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Thanks go to Simon, for his WIN A FREE DIAMOND entry and feedback
We’ve had thousands of entries to our ‘Great Name Game’ competition, we thought Simon’s contribution invited a response and might get some new rhetoric started. .
Simon says 'Name ComparetheDiamond.com (formerly diamondgeezer.com) doesn’t inspire trust’
That suggests that bonefide companies need to use ‘straight-laced names’ and only ‘dodgy traders’ choose memorable, imaginative, tongue-in-cheek brand names – presumably so you know NOT to trust them? I’m not sure what that statement says about Google, Moon Pig, Virgin or even Boots and what message is the book seller Amazon sending, given that paper production is the biggest single reason for shrinking forests. Our registered brand name is the very popular catch phrase ComparetheDiamond.com (formerly diamondgeezer.com) not psst-wanna-buy-an-iffy-diamond.com and what are the chances of you remembering anotherjewellers.com. Surely the con man is going to get as close to a strong brand like Tiffany, Cartier as possible? Maybe Tiffony or Cartiar - actually I have no idea how the con man’s mind works and presumably they wouldn’t be very good con men if we did know their mind-set.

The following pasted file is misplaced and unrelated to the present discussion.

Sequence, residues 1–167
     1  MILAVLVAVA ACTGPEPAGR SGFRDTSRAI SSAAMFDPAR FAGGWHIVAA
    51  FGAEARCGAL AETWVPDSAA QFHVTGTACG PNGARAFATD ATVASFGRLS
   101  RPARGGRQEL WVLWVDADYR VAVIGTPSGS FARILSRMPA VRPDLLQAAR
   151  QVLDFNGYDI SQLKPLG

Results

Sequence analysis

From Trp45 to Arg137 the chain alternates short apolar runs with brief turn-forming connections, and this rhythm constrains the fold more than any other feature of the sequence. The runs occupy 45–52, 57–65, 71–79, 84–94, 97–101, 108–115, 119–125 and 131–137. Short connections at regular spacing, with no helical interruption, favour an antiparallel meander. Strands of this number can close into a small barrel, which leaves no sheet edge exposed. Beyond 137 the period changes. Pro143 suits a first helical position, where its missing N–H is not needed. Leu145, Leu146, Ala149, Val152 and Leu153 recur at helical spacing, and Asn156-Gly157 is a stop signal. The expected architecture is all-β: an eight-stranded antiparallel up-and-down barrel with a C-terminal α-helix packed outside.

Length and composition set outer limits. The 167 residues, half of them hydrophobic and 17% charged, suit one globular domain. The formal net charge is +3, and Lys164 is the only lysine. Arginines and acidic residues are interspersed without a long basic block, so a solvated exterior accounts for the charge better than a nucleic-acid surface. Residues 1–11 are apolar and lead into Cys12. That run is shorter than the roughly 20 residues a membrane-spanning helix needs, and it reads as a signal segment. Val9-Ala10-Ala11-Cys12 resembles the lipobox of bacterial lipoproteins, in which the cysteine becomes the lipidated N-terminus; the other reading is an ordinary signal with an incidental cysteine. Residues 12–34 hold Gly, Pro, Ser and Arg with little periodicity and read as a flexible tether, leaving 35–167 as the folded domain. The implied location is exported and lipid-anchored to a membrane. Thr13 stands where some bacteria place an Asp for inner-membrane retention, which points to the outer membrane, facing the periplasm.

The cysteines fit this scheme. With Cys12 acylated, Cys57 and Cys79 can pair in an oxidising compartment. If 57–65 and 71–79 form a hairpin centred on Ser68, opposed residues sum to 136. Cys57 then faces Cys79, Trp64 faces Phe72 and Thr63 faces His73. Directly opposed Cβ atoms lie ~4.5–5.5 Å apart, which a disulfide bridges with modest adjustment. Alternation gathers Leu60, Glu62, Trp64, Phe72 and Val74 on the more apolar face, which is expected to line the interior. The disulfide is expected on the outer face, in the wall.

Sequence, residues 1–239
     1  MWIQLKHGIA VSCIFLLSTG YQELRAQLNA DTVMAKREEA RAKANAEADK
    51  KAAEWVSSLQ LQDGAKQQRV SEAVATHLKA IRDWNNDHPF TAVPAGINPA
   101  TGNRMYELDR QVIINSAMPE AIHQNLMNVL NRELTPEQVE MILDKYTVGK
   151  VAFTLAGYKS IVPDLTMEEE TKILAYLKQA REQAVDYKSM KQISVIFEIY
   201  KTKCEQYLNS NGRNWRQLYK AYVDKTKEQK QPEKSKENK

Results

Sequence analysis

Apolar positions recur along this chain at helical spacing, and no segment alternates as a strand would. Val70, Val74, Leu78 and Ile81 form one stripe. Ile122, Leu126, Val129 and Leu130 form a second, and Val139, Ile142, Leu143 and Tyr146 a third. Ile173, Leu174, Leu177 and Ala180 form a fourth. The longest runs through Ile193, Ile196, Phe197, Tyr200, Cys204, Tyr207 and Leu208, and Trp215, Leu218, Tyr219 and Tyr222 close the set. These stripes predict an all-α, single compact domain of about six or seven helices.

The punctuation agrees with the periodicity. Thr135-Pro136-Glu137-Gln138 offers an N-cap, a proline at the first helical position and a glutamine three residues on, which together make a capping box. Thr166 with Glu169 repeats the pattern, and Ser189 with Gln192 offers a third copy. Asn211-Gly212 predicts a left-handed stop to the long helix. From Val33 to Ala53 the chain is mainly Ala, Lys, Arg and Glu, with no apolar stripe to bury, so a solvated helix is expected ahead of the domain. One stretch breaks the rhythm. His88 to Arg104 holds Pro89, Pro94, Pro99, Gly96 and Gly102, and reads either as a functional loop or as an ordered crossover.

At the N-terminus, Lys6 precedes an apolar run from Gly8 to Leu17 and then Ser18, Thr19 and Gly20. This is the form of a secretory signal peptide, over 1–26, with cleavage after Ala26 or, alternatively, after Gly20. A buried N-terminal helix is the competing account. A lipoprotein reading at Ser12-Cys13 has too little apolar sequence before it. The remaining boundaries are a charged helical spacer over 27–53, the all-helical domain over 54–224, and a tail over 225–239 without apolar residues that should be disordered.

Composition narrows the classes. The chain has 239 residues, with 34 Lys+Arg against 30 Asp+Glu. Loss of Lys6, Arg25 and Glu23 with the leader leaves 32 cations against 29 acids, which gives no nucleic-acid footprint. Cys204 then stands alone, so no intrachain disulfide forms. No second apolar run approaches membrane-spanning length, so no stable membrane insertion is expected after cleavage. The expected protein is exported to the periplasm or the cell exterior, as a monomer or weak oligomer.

Customers tell us [check the blog] that our highly memorable, ironic, even iconic, ComparetheDiamond.com (formerly diamondgeezer.com) brand name is the very thing that makes them want to find out more when buying a quality diamond engagement rings . Surely the quality of a company is down to providence, testimonial, awards, accreditations all of which drip off our walls and are referenced and can be validated on our site. What about the highly successful jewellery group Swag from Surrey or the famous and very, very upmarket jeweller, Fred of Monaco and let’s not forget Tiffany, the most popular girls’ name amongst the C’s and D’s in Essex and East London ;-) (Only teasing Essex!)
Simon Says ?Buying an expensive diamond ringonline without seeing the article is pretty weird isn’t it’
That assumes that you know about diamonds, surely with an untrained eye and far from perfect lighting conditions it is unlikely that you would be able to discern diamond qualities or values looking at a 1 carat diamond which is just 6. 5mm across.